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Feds charge 7 in Internet ad-fraud case

By Tom Hays
Associated Press / November 9, 2011

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NEW YORK—A crew of Internet bandits devised an international scheme to hijack more than 4 million computers worldwide, manipulating traffic on Netflix, the Internal Revenue Service and other popular websites to generate at least $14 million in fraudulent advertising revenue, federal prosecutors said Wednesday.

About 500,000 computers in the United States were infected with malware, including those used by ordinary users, educational institutions, nonprofits and government agencies like NASA, U.S. Attorney Preet Bharara said at a Manhattan news conference.

Bharara called the case "the first of its kind" because the suspects set up their own "rogue servers" to secretly reroute Internet traffic to sites where they had a cut of the advertising revenue.

Six of the seven people named in the indictment were Estonians who were in custody in that country, and extradition was being sought, prosecutors said; one Russian remained at large. As part of the takedown, the FBI disabled the rogue servers without interrupting Internet service, authorities said.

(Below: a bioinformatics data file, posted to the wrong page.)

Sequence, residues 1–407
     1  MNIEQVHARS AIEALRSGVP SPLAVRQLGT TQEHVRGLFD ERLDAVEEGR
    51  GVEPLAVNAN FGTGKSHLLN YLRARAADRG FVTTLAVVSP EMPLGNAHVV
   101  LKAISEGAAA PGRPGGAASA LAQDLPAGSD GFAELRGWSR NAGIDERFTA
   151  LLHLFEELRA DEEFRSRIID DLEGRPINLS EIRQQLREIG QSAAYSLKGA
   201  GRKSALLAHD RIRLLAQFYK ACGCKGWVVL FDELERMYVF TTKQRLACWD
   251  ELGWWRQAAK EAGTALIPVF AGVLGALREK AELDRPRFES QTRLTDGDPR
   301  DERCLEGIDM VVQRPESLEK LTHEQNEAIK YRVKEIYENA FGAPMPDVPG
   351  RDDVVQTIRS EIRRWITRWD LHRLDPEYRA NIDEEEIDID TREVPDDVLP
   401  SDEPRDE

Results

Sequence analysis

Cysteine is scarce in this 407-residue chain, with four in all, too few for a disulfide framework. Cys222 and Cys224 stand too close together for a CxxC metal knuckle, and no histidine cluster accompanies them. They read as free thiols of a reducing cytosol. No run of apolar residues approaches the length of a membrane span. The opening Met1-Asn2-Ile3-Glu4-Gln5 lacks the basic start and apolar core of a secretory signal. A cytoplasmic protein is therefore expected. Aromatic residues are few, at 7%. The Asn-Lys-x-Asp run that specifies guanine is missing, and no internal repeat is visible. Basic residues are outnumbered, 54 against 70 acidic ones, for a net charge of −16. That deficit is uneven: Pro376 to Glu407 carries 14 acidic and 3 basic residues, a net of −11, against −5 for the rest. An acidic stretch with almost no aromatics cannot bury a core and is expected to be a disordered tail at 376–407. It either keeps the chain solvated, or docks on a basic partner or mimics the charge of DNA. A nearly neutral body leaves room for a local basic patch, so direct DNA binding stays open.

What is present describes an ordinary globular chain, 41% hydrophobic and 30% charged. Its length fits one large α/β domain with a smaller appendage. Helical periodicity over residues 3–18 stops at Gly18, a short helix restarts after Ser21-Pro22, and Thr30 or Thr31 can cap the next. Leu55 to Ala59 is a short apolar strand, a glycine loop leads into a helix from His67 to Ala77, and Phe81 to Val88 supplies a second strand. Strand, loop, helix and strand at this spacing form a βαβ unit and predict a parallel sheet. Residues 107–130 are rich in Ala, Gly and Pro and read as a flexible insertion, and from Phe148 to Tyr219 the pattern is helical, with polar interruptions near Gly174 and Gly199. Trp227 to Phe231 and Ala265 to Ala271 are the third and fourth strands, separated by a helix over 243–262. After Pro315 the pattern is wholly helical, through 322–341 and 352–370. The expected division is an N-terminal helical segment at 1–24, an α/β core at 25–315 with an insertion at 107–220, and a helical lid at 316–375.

The problem was first discovered at NASA, where 130 computers were infected. Investigators followed a digital trail to Eastern Europe, where the defendants operated "companies that masqueraded as legitimate participants in the Internet advertising industry," according to an indictment unsealed on Wednesday.

The defendants "engaged in a massive and sophisticated scheme that infected at least 4 million computers located in over 100 countries with malicious software or malware," the indictment said. "Without the computer users' knowledge or permission, the malware digitally hijacked the infected computers to facilitate the fraud."

Once their computers were infected, people seeking to visit Netflix, the IRS, ESPN, Amazon and other legitimate sites were redirected to sites where the defendants collected income for each click on an ad, authorities said. The malware and corrupted servers also allowed the defendants to substitute legitimate ads on other websites with replacement ads that earned them more illicit income, they added.

"On a massive scale, the defendants gave new meaning to the term `false advertising,'" Bharara said.

The indictment estimated the defendants "reaped least $14 million in ill-gotten gains" over a five-year period.